Henry VIII dissolved the monasteries and Daniel Andrews could do the same for Christian schools
In 1536, King Henry VIII began the legal process referred to historically as the ‘Dissolution of the Monasteries’. This took place in the political context of anti-Roman Catholic sentiment, fed by the wider Protestant Reformation. Over 900 religious houses were disbanded, with the property sold off to provide income for the Crown. Henry, as the new Supreme Head of the Church in England and independent of papal authority, saw this as a way not only to fill the royal coffers but also to loosen the influence of the Catholic church in communities across England, Ireland and Wales.
While historians and theologians still debate the detriment and merits of Henry’s dissolution, almost 500 years later we appear to be seeing attempts at a historical revival by the Victorian Government. It is not, however, the nunneries and friaries this time, but rather the faith-based educational institutions spread across our land.
This move comes in the form of proposed changes to the Equal Opportunity Act (2010), which would attempt to remove currently available religious freedom protections for communities and schools to employ according to their fundamental religious and moral values.
Faith-based school numbers have grown every year for the last 20 years. Victoria now has the highest ratio of private to public schools of any state, the vast majority affiliated with religious movements. These approximately 800 schools and tertiary institutions are central to the education and well-being of students, along with their parents and the wider communities in which they reside. They offer not only learning, but also a rich and diverse system of values focussed largely on service, compassion, and excellence.
However, in a recent editorial in The Age, it was argued that it was only fair that the allocation of taxpayer funds, even those coming from religious citizens who wish to educate their children according to their beliefs, should be conditional on the Government proposed restrictions. That is, unless the schools are willing to employ staff who live and advocate for moral choices that contradict that religion, they should have all their funding dissolved.
Despite media obsession, there is no evidence of wide-spread discrimination in schools offering education from a religious framework.
Now, it seems odd for the Andrew’s Government to make such a scrambled and drastic move such as this in the middle of one of the worst moments of the pandemic – but maybe that is the perfect time. The Federal Education Minister described it as an ‘attack by the Labor Party on Christian schools’, and a recently conducted PureProfile poll found 60% of respondents against such a move.
Despite media obsession, there is no evidence of widespread discrimination in schools offering education from a religious framework. The occasional isolated case trotted out are almost always primarily due not to the gender identity or sexual preferences of the former employee, but rather the simple fact that the individual was no longer willing to uphold the ethos and culture of the institution – the purpose for its very existence.
Faith-based educational institutions generally subscribe to a ‘family’ model of organisation. In this structure, there are clear expectations of shared communal values. The Government has tried to argue that some protections would still remain around employment where religion is an ‘inherent requirement’ of the position. However, this shows a gross misunderstanding of the nature of religious institutions as ‘communities of faith seeking understanding’.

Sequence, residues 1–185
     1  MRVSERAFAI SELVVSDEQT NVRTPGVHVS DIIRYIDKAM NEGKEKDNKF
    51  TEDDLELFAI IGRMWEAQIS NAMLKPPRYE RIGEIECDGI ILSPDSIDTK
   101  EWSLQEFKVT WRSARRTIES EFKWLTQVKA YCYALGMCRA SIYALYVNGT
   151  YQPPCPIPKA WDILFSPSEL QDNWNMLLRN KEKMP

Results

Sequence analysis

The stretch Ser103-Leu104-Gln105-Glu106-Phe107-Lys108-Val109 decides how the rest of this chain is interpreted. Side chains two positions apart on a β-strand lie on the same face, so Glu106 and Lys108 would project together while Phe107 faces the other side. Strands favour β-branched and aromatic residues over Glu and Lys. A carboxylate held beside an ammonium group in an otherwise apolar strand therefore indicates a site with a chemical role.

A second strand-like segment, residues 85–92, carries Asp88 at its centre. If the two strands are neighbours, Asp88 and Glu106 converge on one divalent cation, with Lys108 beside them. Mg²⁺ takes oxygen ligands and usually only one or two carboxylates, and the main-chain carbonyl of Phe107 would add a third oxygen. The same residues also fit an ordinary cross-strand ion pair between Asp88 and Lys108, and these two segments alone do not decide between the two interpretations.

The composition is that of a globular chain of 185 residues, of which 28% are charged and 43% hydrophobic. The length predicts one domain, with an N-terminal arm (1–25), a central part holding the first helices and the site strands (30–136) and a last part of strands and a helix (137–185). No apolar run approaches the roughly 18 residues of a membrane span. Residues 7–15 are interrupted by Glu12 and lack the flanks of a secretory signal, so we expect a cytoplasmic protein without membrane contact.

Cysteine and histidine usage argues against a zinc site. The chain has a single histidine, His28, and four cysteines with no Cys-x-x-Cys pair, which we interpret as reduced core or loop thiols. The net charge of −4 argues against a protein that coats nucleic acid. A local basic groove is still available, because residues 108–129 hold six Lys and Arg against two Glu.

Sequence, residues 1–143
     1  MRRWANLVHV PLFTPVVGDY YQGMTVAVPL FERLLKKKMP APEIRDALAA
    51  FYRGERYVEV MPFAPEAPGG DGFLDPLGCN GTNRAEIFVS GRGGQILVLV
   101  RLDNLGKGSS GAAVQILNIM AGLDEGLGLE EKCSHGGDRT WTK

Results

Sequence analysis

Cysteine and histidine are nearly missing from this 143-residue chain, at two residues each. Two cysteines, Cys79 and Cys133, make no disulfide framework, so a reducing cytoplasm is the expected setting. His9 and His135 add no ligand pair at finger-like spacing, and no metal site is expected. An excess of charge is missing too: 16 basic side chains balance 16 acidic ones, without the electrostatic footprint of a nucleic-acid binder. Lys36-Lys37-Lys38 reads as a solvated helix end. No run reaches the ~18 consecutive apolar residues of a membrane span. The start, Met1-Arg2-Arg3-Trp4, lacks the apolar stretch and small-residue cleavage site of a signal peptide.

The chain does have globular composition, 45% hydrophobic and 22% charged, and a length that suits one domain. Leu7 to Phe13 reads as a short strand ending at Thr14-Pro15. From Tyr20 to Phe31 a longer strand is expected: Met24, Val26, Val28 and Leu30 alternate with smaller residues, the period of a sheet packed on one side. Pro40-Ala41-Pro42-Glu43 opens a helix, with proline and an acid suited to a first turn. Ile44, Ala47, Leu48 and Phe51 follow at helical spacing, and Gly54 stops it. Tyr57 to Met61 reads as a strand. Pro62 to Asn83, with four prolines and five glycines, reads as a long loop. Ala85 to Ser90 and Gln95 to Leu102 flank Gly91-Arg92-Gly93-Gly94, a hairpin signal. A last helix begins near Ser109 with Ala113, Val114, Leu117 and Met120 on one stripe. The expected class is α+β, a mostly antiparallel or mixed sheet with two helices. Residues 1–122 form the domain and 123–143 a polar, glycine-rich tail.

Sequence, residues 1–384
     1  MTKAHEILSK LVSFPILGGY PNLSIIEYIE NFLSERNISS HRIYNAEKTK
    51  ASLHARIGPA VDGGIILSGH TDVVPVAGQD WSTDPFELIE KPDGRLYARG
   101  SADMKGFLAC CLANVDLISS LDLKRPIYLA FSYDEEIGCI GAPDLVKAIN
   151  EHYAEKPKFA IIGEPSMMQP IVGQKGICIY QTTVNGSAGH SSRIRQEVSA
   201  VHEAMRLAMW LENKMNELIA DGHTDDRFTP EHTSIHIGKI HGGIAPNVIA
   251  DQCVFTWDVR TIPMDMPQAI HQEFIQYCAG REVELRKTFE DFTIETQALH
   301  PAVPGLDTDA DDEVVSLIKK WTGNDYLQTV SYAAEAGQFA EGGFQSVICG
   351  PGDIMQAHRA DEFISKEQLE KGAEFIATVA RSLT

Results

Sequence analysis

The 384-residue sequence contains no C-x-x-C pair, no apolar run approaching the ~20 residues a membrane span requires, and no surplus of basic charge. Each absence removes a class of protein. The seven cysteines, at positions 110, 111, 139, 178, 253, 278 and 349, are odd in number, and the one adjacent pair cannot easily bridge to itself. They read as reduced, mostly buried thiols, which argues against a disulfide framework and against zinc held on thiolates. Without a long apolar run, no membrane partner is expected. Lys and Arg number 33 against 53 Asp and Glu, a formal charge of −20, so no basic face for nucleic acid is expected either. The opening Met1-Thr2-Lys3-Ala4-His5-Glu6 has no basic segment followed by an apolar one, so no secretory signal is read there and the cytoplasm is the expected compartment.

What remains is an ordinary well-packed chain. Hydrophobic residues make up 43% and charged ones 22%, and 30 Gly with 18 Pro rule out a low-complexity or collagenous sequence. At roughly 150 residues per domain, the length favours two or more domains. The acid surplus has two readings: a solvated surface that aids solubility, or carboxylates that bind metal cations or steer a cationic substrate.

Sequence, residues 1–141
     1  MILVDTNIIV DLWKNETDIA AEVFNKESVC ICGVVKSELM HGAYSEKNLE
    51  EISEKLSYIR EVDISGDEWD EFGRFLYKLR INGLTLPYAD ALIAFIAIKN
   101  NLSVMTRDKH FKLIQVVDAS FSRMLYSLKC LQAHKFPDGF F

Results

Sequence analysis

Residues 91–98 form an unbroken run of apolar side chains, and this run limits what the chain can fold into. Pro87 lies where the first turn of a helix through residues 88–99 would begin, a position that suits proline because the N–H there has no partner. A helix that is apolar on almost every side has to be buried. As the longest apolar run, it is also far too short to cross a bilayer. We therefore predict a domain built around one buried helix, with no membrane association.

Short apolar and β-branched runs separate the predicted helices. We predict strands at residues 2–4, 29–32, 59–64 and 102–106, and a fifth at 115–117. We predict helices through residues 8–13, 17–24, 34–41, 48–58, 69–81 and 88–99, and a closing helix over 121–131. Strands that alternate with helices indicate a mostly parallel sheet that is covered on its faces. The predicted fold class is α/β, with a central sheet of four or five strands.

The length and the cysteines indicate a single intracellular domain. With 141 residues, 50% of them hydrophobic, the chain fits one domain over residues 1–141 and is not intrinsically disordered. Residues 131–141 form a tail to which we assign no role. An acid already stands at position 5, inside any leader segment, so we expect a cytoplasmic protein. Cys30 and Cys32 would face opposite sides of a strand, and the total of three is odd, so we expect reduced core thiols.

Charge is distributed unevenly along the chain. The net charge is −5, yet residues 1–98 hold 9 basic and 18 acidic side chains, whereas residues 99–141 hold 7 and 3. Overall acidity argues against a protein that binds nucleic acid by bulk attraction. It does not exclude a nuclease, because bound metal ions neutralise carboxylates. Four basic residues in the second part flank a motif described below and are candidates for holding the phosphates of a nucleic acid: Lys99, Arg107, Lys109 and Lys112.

Most of the faith-based schools I visit do not have any sacred-secular divides for their employees. The math teacher delivers devotions for the children, the janitor leads prayers in staff meetings, and the front office staff are the first point of call for a range of pastoral care issues. Plus, it begs the question of what secular Victorian tribunal or court would have the ability to determine conclusively which theological beliefs and practices are inherent or not within the institutions?
The reality of this proposed amendment is that, intentionally or unintentionally, it undermines the ability of faith-based institutions to exist according to their mission. Some people, like in King Henry’s time, may celebrate the removal of such religious institutions – viewing them as bastions of outdated and unenlightened morality.
However, even the dissolutionists might find it hard to deny that the uniquely pluralistic education system that has evolved in Australia, providing greater choices to parents, has resulted in a stable and diverse system. Faith-based educational institutions play a deeply significant role in many lives, and threatening their freedom of association with rushed legislation during COVID will surely have unintended consequences.
The great irony is that the original dissolution of the monasteries did bring with it vast wealth from the pillaging and sale of the cloisters and chapels. In the case of Premier Andrews however, the dissolution of faith-based schools that can no longer ask staff to ‘practice what they preach’ would actually cost the State dearly, removing the private fee subsidies of thousands of parents.
When it comes down to it, any attempt to diminish faith-based educational institutions – through funding, accreditation, or recruitment – ultimately lands on the shoulders of the dedicated teachers tirelessly equipping our next generation. They may not be monks and nuns, but in these dark ages, they are certainly beacons of light that should not be forced under a restrictive government bushel.
Professor Stephen Fogarty is the President of Alphacrucis College and representative of the Australian Christian Higher Education Alliance (ACHEA)